Can Arts in Health Programs address some of the critical challenges in Healthcare today?
“Yes, Yes, Yes, Yes!!!!” is the resounding response from the founding directors of the National Organization for Arts in Health, NOAH, who presented their third annual conference this fall in Boston, with the theme, “Creating Community through Arts in Health”, in partnership with the Healthcare Facilities Symposium and Expo.
From the 16th to 19th of September, Aesthetics, Inc. founder Annette Ridenour joined healthcare facilities administrators, arts and health professionals, architects, physicians, and arts in public health proponents and educators to review over 30 presentations which demonstrated how arts programs can meet many of the serious challenges facing healthcare today.
How do we make the consideration of the arts primary in all considerations of the Healthcare environment, not the exception?
The answer to this poignant question was articulated during the pre-conference/main sessions and workshops that featured an ambitiously curated selection of innovative and exemplary national Arts in Health projects, case studies and research papers pushing the boundaries of a new Arts in Health paradigm. Also NOAH highlighted the Boston Arts in Health community and offered small-group art-based tours of Boston Children’s Hospital and the Dana-Farber Cancer Institute, led by facility staff. Issues covered included:
Physicians Burnout/Provider burnout,
Arts in Aging
Resources for starting an arts in health program
Artful design in healthcare facilities
Arts in public health initiatives
Arts and humanities in medical education
This year boasted the highest attendance in the organizations’ three years of existence thus far with representatives of 36 states, three nations and a large number of students and new members.
Likened to the Tedx of Arts in Health, the NOAH (National Organization of Arts in Health), panels, plenaries, and keynotes were held to the strict guidelines of maximum impact, succinctness and power punch of delivery.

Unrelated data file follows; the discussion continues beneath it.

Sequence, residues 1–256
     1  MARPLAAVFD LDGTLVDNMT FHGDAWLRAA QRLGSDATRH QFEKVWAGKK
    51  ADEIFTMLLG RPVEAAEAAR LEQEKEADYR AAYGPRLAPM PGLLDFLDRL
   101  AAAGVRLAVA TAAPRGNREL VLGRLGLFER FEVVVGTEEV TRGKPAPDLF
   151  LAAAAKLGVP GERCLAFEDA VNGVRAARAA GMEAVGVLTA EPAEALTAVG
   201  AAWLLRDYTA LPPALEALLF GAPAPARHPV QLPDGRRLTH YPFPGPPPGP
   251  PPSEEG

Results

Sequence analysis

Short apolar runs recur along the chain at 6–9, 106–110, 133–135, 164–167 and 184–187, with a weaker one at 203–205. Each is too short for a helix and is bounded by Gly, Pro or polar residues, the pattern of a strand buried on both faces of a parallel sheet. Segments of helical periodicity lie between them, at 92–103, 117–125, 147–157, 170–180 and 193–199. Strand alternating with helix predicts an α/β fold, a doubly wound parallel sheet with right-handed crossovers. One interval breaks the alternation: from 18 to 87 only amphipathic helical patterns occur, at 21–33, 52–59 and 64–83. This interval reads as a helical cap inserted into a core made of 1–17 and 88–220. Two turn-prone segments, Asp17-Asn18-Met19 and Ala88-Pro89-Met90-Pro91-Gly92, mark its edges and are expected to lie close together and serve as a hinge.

In a world where competing causes vie for our attention, conference founders decided that time limitations on presentations would create an immediacy and focus to a presenter’s message and would enable the conference to showcase a more diverse and representative group of presenters.
While this truncated presentation style lent itself to an intensive lineup of presenters that had many attendees yearning for greater breadth and depth in some instances, all in attendance commented that the quality and sophistication of content surpassed all expectations and previous years performances.
Integrated Art and Architecture Creates a Wellness Destination for Children: Valley Children’s Hospital Collaborative Case Study.
This case study was presented collaboratively by Annette Ridenour of Aesthetics, Inc., Beverly Hayden- Pugh, Senior Vice President, Chief Nursing Officer and Chief Transformation Officer of Valley Children’s Hospital in conjunction with the Rui Luo, the lead project designer at SmithGroup.
The three women transported the room of initiated and uninitiated alike through their process of collaborative community co-creation design. This involved a discovery process whereby members of the hospital community where given a forum to voice their concerns. Hayden- Pugh, the hospital administrator talked the audience through the level of organizational, cultural and logistical challenges facing the rural Kern County community at the onset design phase.
Though collaboration of hospital administration, staff, families and stake holders across the hospital community a built environment was co-created that reflected the unique vision, ideals, character and brand of the organization while creating a children’s destination for the community.
If NOAH’s organizational growth is reflective of a movement taking hold across the country, its mission and purpose of professionalizing, advocacy, networking, and of streamlining and planting passionate seeds is paying off handsomely.
This movement represents the blood, sweat and tears of artists and administrators who for decades were the lone wolf sounding the benefits of their craft.
Yet the tide is changing. This year there was a significant increase in conference attendance over all. A noticeable change from previous years is a blooming growth in organizational membership, and conference attendance by arts administrators who claim to work full time in Arts in Health program coordination.
Also a promising sign was a greater representation of youth, student and young professional members of the Arts & Health community in the audience and as presenters. A positive step in a desired direction of the organization, it was noted that a larger number of ethnically, racially and culturally diverse attendees were present. This diversity across representative states is a testament to the efficacy of this movement spreading slowly and steadily over the entire country.